In Matthew’s Gospel there’s a story where the disciples were in a boat and Jesus came walking to them on the water. And so Peter’s like, “That’s cool; can I come to you on the water?” And Jesus says, “Come.” So Peter jumps out of the boat and he’s walking on the water, he’s looking at Jesus, he’s looking back at the guys in the boat, and then it says, “But when he saw the wind, he was afraid and beginning to sink cried out, "Lord, save me!" Immediately Jesus reached out his hand and caught him" (Matthew 14:30-31). You see, when he took his eyes off Jesus and looked away, he saw the wind, his fear became greater than his faith in Jesus, and he started to sink. And in the same way, when a warrior’s fear of failure is greater than his faith in God, he freezes and becomes a passive warrior.
Men, I wonder this morning, if in some area of your life, if you’ve taken your eyes off Jesus, and like Gideon you’re looking at your own troubles, your own abilities, and you’re thinking, “I may not have what it takes?” Or like Peter, you’re looking at the storm in your life, you see the wind, you question your abilities, and you begin to sink. And so, your insecurities and your fear of failure become greater than your faith in God and you became a passive warrior. Your fear of failure is keeping you from walking in victory Christ purchased for you.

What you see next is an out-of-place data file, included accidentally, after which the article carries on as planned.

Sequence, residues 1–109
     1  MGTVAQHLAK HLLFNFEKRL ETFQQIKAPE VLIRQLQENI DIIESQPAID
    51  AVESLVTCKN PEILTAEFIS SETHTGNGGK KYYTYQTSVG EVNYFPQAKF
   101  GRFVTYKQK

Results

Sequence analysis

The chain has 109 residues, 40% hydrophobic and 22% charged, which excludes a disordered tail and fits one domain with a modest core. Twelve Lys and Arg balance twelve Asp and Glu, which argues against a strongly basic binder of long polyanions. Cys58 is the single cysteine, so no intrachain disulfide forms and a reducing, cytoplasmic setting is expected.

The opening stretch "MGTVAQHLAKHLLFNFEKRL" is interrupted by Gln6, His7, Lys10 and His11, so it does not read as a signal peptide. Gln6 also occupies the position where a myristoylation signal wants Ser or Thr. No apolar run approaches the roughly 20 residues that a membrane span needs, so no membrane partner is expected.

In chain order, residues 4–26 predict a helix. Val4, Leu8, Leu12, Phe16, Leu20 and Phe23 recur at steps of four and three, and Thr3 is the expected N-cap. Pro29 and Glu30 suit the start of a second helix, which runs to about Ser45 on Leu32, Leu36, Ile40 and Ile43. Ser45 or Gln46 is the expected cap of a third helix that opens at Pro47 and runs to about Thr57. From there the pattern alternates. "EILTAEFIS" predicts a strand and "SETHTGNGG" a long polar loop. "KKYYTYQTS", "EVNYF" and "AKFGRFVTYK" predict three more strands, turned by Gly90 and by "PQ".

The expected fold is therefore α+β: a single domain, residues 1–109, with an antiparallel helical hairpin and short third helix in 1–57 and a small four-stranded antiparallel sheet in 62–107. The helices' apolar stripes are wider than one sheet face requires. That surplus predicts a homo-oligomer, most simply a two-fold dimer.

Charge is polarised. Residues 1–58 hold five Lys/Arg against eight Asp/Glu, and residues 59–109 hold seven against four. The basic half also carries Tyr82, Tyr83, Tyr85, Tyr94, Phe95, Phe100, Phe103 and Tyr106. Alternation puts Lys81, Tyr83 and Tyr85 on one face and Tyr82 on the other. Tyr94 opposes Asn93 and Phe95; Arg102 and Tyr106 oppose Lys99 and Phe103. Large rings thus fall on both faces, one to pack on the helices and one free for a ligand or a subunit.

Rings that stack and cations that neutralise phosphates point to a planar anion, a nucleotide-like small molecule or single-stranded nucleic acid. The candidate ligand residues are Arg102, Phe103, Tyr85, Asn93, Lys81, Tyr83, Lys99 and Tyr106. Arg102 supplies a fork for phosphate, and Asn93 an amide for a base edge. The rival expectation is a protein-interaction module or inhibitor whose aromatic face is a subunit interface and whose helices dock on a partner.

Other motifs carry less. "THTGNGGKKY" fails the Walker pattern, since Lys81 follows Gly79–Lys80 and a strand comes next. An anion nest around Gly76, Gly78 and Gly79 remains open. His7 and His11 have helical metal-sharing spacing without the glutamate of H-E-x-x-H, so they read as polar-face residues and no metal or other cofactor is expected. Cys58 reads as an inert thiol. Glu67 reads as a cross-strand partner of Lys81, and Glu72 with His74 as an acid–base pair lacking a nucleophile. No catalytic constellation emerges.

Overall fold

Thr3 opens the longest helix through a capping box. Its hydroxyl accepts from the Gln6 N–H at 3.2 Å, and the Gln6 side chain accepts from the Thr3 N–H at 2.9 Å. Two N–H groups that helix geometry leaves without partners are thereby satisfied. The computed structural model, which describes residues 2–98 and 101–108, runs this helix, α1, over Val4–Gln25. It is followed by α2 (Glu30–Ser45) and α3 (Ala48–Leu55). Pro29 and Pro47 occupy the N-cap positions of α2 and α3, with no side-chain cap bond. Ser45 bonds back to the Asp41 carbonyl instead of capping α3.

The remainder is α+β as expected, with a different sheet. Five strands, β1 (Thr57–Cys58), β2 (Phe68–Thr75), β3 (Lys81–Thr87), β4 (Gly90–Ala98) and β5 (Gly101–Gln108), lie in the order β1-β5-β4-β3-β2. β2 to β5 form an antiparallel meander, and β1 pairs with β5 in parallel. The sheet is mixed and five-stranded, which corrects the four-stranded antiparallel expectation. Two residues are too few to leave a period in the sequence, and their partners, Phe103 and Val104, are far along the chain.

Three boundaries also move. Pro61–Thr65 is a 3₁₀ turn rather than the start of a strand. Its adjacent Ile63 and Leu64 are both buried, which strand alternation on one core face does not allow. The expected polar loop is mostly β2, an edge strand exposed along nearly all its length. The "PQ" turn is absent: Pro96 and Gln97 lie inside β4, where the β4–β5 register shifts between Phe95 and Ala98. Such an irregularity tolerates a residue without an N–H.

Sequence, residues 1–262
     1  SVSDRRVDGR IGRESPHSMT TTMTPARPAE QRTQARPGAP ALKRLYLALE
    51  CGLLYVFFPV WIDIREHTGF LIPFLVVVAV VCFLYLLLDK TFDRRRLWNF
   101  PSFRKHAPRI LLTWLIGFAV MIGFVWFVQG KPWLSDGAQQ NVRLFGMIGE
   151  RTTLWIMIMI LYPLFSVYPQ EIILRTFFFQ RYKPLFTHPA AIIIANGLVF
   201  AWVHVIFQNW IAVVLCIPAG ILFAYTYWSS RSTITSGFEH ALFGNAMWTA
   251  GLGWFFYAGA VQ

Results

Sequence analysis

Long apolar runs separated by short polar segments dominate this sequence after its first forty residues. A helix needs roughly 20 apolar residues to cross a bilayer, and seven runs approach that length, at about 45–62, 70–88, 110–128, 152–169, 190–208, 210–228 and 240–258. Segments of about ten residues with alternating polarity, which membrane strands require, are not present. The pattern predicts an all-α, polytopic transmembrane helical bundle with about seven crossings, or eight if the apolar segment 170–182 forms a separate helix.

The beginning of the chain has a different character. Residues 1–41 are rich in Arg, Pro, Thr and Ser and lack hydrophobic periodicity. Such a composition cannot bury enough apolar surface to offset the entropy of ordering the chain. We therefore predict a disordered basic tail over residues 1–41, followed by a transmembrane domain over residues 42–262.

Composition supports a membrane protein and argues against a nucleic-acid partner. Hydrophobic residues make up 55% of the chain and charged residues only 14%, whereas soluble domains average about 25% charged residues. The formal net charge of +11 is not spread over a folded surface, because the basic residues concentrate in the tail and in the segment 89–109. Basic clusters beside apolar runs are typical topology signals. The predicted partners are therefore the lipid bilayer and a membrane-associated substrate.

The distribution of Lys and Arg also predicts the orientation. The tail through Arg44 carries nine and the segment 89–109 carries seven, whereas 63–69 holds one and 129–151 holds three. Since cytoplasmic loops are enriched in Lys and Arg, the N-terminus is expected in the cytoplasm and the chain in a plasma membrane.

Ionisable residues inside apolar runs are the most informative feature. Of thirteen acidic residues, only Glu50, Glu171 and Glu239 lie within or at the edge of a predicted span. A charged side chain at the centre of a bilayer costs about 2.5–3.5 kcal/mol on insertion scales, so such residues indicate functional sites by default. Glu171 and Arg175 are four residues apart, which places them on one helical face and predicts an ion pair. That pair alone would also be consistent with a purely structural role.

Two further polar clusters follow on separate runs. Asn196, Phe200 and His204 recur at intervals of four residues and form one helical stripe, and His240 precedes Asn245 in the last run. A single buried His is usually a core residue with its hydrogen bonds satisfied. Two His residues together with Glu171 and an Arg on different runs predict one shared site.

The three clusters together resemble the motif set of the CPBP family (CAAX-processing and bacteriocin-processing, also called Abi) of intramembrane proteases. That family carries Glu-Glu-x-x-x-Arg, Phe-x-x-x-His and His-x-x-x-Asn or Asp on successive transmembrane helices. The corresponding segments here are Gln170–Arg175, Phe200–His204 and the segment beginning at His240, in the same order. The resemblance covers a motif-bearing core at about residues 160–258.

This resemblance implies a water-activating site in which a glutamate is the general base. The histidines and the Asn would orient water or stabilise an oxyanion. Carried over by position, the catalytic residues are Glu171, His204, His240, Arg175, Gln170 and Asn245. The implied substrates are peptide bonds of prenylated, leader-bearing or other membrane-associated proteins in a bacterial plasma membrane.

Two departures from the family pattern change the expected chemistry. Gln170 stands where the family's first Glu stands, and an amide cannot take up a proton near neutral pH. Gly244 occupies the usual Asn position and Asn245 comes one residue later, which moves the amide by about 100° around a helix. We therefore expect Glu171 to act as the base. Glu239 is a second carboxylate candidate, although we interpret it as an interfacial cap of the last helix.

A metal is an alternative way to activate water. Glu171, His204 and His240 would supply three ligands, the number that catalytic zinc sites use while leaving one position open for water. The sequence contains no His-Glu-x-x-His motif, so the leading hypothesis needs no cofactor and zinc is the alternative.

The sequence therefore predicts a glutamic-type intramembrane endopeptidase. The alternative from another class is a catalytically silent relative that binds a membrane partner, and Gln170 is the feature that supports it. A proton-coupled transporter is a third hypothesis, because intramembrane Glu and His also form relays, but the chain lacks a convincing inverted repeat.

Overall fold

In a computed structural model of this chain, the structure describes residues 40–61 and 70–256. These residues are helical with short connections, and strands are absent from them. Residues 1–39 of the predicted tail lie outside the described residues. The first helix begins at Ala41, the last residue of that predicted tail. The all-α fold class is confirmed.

And maybe for some of you, you’re afraid to take that first step, you’re afraid to commit, because you’re wondering if you have what it takes. You know, maybe you really love Jesus, but there’s no evidence of your family and your household being Christian. You know your neighbors would be surprised to hear that you’re going to church instead of to the lake or the race track. And so you think you’d like to lead your family spiritually, but you’re afraid because you don’t know what to do, you don’t know what that looks like, and maybe your wife might see that she really knows more than you do, and so you freeze, your fear of failure is greater than your faith in God. And deep down you’d love to try, but you hesitate because if it doesn’t work… then you’re going to be a failure. Or maybe there’s a ministry you’d like to be involved in in the church, but what if you don’t know enough, what if you’re not good enough? And so instead of doing what you were created to do, fighting for the cause of Christ, you do what so many men do and you freeze. Instead of leading courageously you become a passive warrior.